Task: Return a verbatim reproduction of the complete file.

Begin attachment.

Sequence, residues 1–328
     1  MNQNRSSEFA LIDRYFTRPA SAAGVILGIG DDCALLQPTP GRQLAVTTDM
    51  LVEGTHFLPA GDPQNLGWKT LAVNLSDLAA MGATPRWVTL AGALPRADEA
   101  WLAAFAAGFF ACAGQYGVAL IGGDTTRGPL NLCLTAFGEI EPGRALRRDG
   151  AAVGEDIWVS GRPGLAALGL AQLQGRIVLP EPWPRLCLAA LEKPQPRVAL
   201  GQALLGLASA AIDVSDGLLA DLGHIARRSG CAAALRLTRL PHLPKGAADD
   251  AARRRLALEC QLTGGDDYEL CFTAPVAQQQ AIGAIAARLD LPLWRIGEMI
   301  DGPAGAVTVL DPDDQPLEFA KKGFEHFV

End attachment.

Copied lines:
Sequence, residues 1–328
     1  MNQNRSSEFA LIDRYFTRPA SAAGVILGIG DDCALLQPTP GRQLAVTTDM
    51  LVEGTHFLPA GDPQNLGWKT LAVNLSDLAA MGATPRWVTL AGALPRADEA
   101  WLAAFAAGFF ACAGQYGVAL IGGDTTRGPL NLCLTAFGEI EPGRALRRDG
   151  AAVGEDIWVS GRPGLAALGL AQLQGRIVLP EPWPRLCLAA LEKPQPRVAL
   201  GQALLGLASA AIDVSDGLLA DLGHIARRSG CAAALRLTRL PHLPKGAADD
   251  AARRRLALEC QLTGGDDYEL CFTAPVAQQQ AIGAIAARLD LPLWRIGEMI
   301  DGPAGAVTVL DPDDQPLEFA KKGFEHFV